Playboy’s success led to many celebrities, including Drew Barrymore, Farrah Fawcett and Linda Evans, posing for the magazine, while also turning some models into celebrities, including singer Deborah Harry and model Lauren Hutton.
Several Australian stars also featured in Playboy’s US and Australian magazines, including Elle McPherson, Dannii Minogue, Melissa George, and Sophie Monk. Dannii Minogue’s cover was the highest-selling edition of the Australian Playboy magazine.
Hugh Hefner, the founder and original editor of Playboy, which plopped the post-war sexual revolution onto countless coffee tables around the world, died of natural causes Wednesday. He was 91. Playboy confirmed their founder’s death.
Hefner, known to almost everyone as “Hef,” is survived by his wife, Crystal, and four grown children: Christie, who was chief executive of Playboy Enterprises for more than 20 years; David; Marston; and Cooper. Memorial plans weren’t immediately available, Playboy said.
“He defined a lifestyle and ethos that lie at the heart of the Playboy brand, one of the most recognizable and enduring in history,” the younger Hefner said. Cooper Hefner, chief creative officer of Playboy Enterprises, said Wednesday night: “My father lived an exceptional and impactful life as a media and cultural pioneer and a leading voice behind some of the most significant social and cultural movements of our time in advocating free speech, civil rights and sexual freedom. Hugh Marston Hefner was born in Chicago, the son of two city schoolteachers. He joined the Army as an infantry clerk after high school and went on to become a copywriter for Esquire magazine.
Throughout the 1960s, Hefner left Chicago only a few times. In the early 1970s, he bought the second mansion in Los Angeles, flying between his homes on a private DC-9 dubbed The Big Bunny, which boasted a giant Playboy bunny emblazoned on the tail. Hefner was host of a television show, Playboy After Dark, and in 1960 opened a string of clubs around the world where waitresses wore revealing costumes with bunny ears and fluffy white bunny tails. Network television briefly embraced Hefner’s empire in 2011 with the NBC drama The Playboy Club, which failed to lure viewers and was cancelled after three episodes. In the 21st century, he was back on television in a cable reality show The Girls Next Door with three live-in girlfriends in the Los Angeles Playboy mansion.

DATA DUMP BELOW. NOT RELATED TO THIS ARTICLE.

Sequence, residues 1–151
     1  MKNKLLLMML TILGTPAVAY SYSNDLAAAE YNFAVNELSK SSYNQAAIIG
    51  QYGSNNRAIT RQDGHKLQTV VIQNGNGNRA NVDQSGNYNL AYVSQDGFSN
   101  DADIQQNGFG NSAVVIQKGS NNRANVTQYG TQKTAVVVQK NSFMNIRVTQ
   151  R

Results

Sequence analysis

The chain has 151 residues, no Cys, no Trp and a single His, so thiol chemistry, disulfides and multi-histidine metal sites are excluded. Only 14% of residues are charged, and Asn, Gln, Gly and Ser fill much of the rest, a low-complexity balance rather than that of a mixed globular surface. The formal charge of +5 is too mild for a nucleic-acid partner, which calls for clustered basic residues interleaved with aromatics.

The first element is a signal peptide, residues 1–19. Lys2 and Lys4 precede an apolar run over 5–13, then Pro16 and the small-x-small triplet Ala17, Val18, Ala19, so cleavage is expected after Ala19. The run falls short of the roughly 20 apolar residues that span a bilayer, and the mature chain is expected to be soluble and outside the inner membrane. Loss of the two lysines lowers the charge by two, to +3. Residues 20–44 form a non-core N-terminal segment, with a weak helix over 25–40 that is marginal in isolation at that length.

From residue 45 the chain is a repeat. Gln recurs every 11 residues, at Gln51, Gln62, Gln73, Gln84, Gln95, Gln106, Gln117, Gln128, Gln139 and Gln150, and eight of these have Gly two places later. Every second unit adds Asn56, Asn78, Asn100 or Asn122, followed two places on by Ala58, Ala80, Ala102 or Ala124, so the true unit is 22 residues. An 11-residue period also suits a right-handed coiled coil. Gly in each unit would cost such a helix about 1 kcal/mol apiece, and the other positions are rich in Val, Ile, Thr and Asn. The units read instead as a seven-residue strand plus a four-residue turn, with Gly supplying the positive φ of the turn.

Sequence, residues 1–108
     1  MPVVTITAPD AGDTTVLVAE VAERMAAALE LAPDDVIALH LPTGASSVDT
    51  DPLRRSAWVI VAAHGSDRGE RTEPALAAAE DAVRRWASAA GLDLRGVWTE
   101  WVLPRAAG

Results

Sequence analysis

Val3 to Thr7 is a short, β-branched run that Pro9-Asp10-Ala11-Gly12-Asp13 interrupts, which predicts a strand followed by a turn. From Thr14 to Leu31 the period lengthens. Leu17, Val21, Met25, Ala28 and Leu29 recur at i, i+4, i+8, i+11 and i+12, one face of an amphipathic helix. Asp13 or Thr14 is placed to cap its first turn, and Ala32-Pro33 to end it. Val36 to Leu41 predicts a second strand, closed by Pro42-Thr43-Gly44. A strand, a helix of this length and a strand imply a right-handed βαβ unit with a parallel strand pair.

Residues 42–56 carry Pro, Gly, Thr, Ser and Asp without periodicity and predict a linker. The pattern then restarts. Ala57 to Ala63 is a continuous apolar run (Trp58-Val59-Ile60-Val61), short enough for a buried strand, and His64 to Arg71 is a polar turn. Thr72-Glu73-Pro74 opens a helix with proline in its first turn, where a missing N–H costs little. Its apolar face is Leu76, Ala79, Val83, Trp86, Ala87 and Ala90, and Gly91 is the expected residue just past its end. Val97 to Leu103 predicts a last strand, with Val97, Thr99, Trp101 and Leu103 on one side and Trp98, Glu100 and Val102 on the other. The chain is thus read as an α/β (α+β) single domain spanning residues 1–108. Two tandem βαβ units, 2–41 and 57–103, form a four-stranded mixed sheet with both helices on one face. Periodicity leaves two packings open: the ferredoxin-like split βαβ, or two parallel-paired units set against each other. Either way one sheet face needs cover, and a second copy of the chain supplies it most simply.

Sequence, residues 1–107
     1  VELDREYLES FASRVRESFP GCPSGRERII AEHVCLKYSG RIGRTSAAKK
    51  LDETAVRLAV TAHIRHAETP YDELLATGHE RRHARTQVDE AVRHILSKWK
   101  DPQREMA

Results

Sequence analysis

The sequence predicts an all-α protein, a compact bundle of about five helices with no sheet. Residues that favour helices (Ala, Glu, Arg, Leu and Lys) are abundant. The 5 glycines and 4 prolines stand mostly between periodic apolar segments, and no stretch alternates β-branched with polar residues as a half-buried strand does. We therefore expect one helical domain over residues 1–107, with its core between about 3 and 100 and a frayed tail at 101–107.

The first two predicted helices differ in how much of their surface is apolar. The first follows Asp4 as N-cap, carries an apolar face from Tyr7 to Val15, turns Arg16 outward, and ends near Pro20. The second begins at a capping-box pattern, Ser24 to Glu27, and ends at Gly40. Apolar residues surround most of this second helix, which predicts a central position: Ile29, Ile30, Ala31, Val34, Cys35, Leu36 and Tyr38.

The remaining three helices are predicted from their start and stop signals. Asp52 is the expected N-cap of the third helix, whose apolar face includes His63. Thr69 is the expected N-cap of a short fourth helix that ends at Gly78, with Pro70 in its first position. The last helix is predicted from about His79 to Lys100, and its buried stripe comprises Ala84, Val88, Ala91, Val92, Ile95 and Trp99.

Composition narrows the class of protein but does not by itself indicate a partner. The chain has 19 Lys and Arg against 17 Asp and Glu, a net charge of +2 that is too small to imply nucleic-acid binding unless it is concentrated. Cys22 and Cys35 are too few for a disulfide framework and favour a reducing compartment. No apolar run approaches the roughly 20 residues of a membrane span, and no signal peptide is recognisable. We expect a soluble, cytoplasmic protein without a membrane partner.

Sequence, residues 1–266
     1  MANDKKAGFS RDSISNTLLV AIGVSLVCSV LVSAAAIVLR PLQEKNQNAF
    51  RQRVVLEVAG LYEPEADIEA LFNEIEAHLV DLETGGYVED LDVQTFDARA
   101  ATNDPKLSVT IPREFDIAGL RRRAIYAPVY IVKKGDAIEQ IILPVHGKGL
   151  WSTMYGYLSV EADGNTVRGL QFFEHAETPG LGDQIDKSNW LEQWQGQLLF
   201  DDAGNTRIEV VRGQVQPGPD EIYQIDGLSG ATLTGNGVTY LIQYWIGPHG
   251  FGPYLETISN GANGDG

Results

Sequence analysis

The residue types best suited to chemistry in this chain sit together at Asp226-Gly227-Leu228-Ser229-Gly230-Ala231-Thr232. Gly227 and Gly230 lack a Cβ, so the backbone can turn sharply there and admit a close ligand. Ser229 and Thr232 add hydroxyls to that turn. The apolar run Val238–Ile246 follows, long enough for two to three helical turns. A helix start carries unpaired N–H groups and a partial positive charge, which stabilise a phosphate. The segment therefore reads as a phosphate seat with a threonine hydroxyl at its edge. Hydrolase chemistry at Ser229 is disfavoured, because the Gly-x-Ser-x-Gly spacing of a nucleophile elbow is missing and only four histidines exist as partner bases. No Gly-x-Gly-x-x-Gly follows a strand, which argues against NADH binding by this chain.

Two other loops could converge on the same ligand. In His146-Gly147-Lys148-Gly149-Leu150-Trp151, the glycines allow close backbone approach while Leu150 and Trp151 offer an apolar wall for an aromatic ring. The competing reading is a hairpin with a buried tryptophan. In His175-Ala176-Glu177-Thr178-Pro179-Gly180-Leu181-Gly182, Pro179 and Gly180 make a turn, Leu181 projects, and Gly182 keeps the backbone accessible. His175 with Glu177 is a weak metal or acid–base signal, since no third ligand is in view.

Playboy magazine founder Hugh Hefner poses for a portrait at his Playboy mansion on July 27, 2010 in Los Angeles. Hefner, who built Playboy into a multimillion-dollar adult magazine and entertainment empire tied to a Lothario lifestyle of lavish parties and beautiful women, died Wednesday at his home, the iconic Playboy Mansion in Hollywood. He was 91.
While the magazine managed to both inspire and ride the “s e x ual revolution” of the 1960s and 70s, in recent years it has struggled in the face of tough competition from the availability of free magazine online.
For a brief period from mid-2016 through early 2017, the magazine experimented with avoiding nudity, before returning to its previous formula. “Hefner took a progressive approach not only to sexuality and humor, but also to literature, politics and culture,” the statement said, calling the “Playboy Interview,” or an extensive discussion between a well-known person and an interviewer, a “standard setter.” The statement said Playboy magazine was aimed at more than the market for nude images.
Hefner also led free-speech battles in the U.S., fighting all the way to the Supreme Court after the U.S. Post Office refused to deliver his magazine, the statement noted. Hefner was survived by his wife, Crystal, his sons, Cooper, David and Marston, and his daughter, Christie, the statement said.